The Scottish Government is expected to be urged to launch an investigation into the future of the country's media.
The appeal is expected to be made by the Scottish Trades Union Congress, which is staging its annual conference today until Wednesday, in Inverness.
A motion is being presented to the conference by National Union of Journalists' delegates: about the future of the Scottish media.
Three years ago, a summit on the future of the Scottish newspaper industry was hosted by then Scottish Government enterprise minister, Jim Mather, attended by, among others, Tim Blott, managing director of the Herald group of newspapers and Michael Johnston, then the MD of The Scotsman Publications Ltd.
The media motion reads: ”Congress recognises that free, responsible, diverse and challenging media play a vital role in the life of any democratic society, and therefore notes with concern the mounting threats to their existence in both Scotland and the UK, due to the decline of the economic models that traditionally supported them. Congress especially notes:
1) the devastating consequences for journalists’ pay, working conditions and authors’ rights
2) the collapse of ethical conduct in some newspapers, engendering hostility from politicians and public, and a threat of legislation which may restrict investigative journalism, as well as unacceptable invasions of privacy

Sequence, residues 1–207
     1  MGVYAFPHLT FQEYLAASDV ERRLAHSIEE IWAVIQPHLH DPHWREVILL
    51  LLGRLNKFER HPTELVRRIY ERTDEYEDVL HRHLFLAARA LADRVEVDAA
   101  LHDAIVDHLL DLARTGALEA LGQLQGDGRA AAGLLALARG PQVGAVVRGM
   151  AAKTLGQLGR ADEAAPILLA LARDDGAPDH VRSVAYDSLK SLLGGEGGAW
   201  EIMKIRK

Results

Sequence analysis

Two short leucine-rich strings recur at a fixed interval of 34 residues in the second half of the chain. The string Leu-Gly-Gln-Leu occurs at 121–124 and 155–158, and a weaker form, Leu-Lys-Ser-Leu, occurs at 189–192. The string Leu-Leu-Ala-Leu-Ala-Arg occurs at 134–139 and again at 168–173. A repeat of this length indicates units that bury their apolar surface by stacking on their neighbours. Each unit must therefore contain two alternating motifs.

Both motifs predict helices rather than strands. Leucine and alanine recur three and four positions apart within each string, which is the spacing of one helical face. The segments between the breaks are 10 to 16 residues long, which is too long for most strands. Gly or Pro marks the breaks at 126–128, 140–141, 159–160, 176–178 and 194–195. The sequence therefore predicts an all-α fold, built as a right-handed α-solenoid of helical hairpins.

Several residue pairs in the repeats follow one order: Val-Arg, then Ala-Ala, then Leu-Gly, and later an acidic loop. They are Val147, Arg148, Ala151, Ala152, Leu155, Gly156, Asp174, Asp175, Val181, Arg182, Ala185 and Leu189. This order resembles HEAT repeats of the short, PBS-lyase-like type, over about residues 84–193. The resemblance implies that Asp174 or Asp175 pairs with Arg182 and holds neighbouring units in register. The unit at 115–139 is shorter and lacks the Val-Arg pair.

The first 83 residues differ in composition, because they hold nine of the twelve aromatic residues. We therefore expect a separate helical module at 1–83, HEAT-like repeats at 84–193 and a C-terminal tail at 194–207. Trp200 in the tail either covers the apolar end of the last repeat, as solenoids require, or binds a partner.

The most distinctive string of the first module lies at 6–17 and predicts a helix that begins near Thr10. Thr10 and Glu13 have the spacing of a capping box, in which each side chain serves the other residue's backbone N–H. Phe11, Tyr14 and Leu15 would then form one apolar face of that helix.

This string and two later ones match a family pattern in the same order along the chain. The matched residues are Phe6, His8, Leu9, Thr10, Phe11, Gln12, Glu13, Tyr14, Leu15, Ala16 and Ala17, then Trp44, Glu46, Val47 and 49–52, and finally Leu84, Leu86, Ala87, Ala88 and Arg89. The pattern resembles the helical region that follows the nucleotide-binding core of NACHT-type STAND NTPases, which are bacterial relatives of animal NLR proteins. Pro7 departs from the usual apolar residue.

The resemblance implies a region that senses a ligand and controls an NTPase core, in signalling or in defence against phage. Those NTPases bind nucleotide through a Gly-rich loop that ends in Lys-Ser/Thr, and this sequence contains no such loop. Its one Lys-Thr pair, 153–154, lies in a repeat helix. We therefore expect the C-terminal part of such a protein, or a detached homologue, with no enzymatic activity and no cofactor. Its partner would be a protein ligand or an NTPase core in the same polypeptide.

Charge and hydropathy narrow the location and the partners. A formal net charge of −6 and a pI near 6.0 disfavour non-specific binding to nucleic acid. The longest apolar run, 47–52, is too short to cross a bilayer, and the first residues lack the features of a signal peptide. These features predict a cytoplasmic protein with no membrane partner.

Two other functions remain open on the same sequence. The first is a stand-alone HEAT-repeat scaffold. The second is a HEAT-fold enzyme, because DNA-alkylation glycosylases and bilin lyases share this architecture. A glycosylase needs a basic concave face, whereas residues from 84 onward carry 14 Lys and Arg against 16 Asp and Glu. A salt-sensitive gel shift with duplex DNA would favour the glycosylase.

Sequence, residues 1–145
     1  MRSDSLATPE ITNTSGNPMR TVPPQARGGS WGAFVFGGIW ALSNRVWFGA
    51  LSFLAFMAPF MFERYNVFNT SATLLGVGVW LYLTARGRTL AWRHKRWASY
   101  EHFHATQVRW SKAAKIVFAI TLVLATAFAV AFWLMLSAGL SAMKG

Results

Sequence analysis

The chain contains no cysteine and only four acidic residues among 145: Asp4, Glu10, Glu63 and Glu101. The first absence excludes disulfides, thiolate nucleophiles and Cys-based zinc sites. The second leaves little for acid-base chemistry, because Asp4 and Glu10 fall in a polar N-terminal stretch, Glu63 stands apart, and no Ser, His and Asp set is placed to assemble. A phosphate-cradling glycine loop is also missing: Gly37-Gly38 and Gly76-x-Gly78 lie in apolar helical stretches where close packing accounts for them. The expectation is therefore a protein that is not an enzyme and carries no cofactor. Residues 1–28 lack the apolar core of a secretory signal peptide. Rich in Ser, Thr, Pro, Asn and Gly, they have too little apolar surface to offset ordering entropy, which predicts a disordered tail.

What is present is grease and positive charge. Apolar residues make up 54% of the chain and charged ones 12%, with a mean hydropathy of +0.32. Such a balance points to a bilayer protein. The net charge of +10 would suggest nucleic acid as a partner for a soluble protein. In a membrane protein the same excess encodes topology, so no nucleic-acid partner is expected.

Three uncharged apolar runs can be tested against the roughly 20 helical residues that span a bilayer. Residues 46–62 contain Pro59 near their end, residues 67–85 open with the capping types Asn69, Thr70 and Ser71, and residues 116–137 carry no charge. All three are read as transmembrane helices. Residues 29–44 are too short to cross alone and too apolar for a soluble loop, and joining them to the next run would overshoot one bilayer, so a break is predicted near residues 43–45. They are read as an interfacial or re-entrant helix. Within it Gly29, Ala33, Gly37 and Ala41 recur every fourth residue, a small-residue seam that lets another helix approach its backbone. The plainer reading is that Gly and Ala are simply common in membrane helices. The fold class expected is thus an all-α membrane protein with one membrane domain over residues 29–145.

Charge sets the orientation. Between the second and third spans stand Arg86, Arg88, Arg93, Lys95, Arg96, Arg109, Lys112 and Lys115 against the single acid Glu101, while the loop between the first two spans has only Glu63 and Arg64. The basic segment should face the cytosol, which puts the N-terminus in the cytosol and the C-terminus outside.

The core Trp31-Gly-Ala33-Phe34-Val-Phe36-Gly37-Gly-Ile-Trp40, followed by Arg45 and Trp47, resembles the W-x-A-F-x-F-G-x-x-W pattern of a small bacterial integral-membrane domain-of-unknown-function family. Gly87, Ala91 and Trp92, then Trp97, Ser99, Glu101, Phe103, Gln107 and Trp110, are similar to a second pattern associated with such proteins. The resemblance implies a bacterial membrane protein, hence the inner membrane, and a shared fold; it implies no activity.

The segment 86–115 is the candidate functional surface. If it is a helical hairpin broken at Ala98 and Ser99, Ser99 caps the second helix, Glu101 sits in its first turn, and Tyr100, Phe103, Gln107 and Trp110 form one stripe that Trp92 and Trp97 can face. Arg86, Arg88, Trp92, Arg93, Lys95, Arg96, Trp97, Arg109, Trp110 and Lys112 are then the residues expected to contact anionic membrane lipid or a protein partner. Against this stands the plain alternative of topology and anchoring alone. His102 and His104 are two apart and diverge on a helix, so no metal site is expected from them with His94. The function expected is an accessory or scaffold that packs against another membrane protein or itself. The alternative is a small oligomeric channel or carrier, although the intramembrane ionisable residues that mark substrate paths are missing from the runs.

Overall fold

3) the rise in unverified 'free’ journalism provided by PR and other unpaid sources
4) the widespread exploitation of unpaid interns
5) the rapid decline in the availability of local newspapers produced locally
6) the specific threats facing the Scottish media, with print journalism in Scotland suffering round after round of cost-cutting
7) the difficulty in gaining sufficient income from online media to finance serious journalistic activity.
Congress calls on General Council to urge the Scottish Government to set up urgently a Commision of Inquiry into the future of the media in Scotland, and to call on all member unions and the Scottish Government to promote the survival of thriving and responsible media, including:
a) supporting the creation of a Scottish Digital Broadcasting Network.
b) supporting the development of trust models of media ownership, such as the Scott Trust which owns The Guardian and Observer group
c) campaigning for the development of new forms of community media
d) identifying and prosecuting media behaviour that breaches privacy laws
e) developing new regulatory mechanisms to replace the discredited UK Press Complaints Commission.
f) encouraging the development of new sources of funding for investigative journalism, including academic institutions, and foundations concerned with civil society and democracy.”
It is being submitted by the Edinburgh Freelance and Edinburgh and District branches of the NUJ.